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I enjoy county fairs. I probably haven’t missed one in thirty years. It’s cheap entertainment, but it’s the down-to-earth style and community spirit of a county fair that appeals to me the most.

There was a time when county fairs were exclusively a place for area farmers, gardeners and those in the agricultural community to show off the fruits of their labors – literally - and compete against their colleagues for blue ribbons and local bragging rights. A few simple rides and carnival games were included as a way to entertain the children while mom and dad were busy with the livestock, the produce and the apple pies.

The Orange County Fair is fun; I always go. I remember when the Orange County Fair offered and entire building devoted to flowers, garden displays and horticulture. Not so any more. Now, for the true plant and garden lover it is The San Diego County Fair, the goliath of all of California’s fairs, that stands above all others. The San Diego County Fair’s Flower and Garden section is immense, showcased front and center, just inside the main gate. It beckons Orange County gardeners to make the one hour drive south to seaside community of Del Mar.

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Sure there are carnival rides there, slicers and dicers, art exhibits and more junk food than just about anyone could possibly stomach. But it is San Diego’s flower and garden displays that attract me, and some portion of the other 1,274,000 that visit every year.

To give some perspective of the San Diego County Fair’s commitment to horticulture, consider this:

  • There are 20 Fair awards given for the temporary landscape displays that are built
  • There are 25 more landscape awards provided by private and public organizations
  • The Rose bloom competition alone offers 55 ribbons
  • The Dahlia bloom competition offers 51 more ribbons
  • Orchid blooms compete for 24 ribbons
  • Gladiolus blooms alone will vie for another 24 ribbons

And the garden stage schedule is nearly non-stop, with 75 programs and first-class speakers like Debra Lee Baldwin discussing succulent container gardens, Tom Del Hotal espousing the virtues of gardening with rare fruits, Ben Gill on proteas and their culture, Greg Rubin discussing native plant design, Jim Mumford explaining living walls and John Rader showing an assortment of new perennials for the garden.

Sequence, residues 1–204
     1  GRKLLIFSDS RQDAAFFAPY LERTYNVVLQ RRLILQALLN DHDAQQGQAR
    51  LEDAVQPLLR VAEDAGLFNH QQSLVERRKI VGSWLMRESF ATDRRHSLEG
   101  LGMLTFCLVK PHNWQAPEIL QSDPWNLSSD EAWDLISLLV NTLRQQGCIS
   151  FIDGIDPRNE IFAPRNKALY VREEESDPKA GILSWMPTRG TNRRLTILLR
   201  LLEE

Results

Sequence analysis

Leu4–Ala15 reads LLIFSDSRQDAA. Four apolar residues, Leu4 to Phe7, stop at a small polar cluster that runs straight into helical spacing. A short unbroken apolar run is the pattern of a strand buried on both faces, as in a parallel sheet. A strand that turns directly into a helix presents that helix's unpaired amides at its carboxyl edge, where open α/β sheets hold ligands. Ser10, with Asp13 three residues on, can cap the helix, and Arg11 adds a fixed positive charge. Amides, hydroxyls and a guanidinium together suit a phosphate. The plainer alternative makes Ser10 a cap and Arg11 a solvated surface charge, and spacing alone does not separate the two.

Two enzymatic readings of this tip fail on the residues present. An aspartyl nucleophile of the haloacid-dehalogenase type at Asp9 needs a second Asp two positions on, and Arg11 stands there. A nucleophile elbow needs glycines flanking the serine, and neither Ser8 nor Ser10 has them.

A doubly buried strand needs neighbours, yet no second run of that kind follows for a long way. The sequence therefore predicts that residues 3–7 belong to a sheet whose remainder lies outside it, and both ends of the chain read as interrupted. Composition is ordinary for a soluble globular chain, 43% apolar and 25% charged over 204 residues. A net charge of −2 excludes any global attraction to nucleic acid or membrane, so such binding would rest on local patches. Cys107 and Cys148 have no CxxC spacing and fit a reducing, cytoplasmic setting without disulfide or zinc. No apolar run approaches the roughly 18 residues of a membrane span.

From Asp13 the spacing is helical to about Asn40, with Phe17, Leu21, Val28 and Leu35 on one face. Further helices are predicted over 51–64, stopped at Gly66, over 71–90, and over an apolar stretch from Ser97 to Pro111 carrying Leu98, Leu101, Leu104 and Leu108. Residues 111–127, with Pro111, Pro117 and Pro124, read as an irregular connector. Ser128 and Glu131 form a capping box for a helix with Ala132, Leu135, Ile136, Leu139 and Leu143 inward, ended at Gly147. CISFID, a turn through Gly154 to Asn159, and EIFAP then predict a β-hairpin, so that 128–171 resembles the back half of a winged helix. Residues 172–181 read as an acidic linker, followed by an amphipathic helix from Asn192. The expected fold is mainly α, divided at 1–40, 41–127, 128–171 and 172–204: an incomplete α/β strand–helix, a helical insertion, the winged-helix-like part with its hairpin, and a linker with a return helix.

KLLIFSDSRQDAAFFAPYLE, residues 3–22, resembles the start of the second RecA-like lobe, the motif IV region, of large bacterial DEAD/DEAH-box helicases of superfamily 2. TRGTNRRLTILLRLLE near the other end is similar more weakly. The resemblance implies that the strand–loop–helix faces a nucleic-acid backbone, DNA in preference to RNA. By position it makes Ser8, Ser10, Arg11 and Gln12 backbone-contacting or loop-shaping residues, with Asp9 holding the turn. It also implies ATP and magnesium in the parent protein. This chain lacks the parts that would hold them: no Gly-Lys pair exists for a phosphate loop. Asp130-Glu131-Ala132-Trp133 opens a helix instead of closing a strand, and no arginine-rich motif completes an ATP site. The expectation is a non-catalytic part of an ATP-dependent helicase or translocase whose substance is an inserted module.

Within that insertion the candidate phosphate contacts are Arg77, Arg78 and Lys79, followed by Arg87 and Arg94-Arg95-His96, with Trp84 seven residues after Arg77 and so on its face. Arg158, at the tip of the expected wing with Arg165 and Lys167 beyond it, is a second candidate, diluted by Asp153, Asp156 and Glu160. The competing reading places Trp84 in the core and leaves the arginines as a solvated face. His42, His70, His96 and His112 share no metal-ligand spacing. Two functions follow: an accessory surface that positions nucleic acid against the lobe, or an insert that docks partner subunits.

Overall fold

My friend, Jim Bishop is the Assistant Coordinator of the Flower and Garden portion of the fair and has been keeping me abreast of this year’s preparation. He says the displays are terrific. With a theme of “Taste the Fun” the presentations have a special focus this year on edible gardening. Jim’s been working tirelessly for weeks now to finish the displays, assemble the horticultural eye candy and coordinate the great lineup of speakers. But he’s still got a lot of work ahead; “I'm pretty much there every day from opening day until the end. I work until around 7 each the evening”, says Jim.

Good job Jim, we’ll see you there.

San_Diego_Fair_2

The San Diego County Fair runs now through July 5; 2260 Jimmy Durante Boulevard, Del Mar. www.sdfair.com.

Ron Vanderhoff is the Nursery Manager at Roger’s Gardens, Corona del Mar.

Question: What’s the best Apricot for a Costa Mesa garden?
Barbara, Costa Mesa

Answer: Even though ‘Royal’ (also sometimes also called ‘Blenheim’) is the most popular home apricot I usually suggest the varieties ‘Katy’ or ‘Goldkist’. ‘Katy’ does well in mild winter climates like ours, has very large, tasty fruit and is a somewhat smaller tree. It ripens about three weeks earlier than ‘Royal’; that usually means right about now. ‘Goldkist’ is just as good and ripens at about the same time as ‘Katy’. Some say ‘Goldkist’s’ winter chill needs might even be lower than ‘Katy’. Either of these apricots would be an excellent choice for your home garden.


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